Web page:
Another course that the administration could take is seriously engaging with the Russian government on Syrias future. The world stood aside when two years ago Russia deployed its military to Syria, bolstering the Assad regime and bombing into submission civilian areas that were held by rebel groups. Syrian President Bashar Assads survival is assured for now, but that doesnt necessarily mean the regimes Iranian sponsors should be allowed a portion of the blood-soaked spoils. Many of Russias demands may be very unpalatable, but it would surely be worth a shot just to find out what would influence Vladimir Putin to minimize Irans role in postwar Syria.
Iran la Obamacare
None of this, however, seems to be happening. Which begs the question, where is Trumps much-vaunted anti-Iran strategy that weve been hearing about for so long?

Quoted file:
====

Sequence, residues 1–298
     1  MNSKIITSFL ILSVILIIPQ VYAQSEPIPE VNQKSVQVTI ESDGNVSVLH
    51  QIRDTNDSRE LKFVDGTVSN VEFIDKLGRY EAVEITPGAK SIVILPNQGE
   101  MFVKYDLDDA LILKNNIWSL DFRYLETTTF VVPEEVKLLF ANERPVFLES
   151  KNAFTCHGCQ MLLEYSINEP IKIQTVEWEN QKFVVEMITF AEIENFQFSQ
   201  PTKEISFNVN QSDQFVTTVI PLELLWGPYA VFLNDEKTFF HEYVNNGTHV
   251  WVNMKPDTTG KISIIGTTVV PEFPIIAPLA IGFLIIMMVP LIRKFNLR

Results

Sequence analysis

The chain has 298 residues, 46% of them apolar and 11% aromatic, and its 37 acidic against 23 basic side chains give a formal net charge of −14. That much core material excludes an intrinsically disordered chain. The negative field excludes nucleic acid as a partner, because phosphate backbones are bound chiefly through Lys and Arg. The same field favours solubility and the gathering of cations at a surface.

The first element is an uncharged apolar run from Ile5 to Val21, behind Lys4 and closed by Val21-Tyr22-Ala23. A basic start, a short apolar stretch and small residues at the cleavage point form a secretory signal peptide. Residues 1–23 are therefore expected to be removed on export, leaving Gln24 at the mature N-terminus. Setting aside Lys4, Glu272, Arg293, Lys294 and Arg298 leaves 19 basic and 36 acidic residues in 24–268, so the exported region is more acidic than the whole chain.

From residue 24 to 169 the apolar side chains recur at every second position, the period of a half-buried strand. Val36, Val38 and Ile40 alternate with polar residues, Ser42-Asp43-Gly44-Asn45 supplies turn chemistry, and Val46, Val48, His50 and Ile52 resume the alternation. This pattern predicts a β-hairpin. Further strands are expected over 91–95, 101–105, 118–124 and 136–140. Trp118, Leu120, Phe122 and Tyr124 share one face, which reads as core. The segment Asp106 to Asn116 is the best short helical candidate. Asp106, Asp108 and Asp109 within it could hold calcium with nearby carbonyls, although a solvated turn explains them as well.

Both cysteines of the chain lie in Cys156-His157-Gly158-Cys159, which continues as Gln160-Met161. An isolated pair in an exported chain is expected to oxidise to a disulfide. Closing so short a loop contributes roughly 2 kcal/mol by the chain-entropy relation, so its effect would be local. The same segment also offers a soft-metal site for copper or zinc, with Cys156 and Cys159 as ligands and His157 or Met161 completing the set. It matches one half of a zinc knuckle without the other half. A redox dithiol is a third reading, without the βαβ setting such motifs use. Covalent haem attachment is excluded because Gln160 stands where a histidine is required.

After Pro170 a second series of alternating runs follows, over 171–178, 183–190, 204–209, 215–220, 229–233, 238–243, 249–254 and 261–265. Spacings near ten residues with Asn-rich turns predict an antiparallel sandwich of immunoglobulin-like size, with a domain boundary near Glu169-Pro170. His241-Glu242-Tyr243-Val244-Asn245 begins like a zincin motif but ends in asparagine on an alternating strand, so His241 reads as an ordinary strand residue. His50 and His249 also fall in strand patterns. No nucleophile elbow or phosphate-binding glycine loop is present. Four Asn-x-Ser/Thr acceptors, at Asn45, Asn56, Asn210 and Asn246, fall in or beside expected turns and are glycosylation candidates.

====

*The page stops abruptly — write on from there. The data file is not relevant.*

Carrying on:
If you want to understand Trumps real position on Iran, all you have to do is compare it to his policy on health care. Wait, he doesnt actually have one, besides getting rid of Barack Obamas Affordable Care Act and replacing it with whatever half-baked incoherent bill he can somehow push through Congress. As long as he gets rid of Obamacare.
Trump couldnt care less about Iran; he probably cant even locate it on a map, but just like he wants to erase all memory of his predecessors major domestic legacy, he wants to erase Obamas landmark foreign policy.
In the case of the Iran deal, he is also being egged on by Benjamin Netanyahu and the prime ministers supporters in the United States. They are obsessed with the nuclear agreement, which for all its many imperfections is the Obama administrations only real achievement in the Middle East because of its limits on Irans nuclear development. The deal has vastly contributed to the current administrations blind eye toward all the other ways Iran is increasing its influence in the region.
As the abandoned Kurds can now attest, Trump cares little about Americas allies and isnt concerned about protecting them from Iran. But his, and Netanyahus, obsession with Obamas nuclear deal has helped Iran gain valuable ground.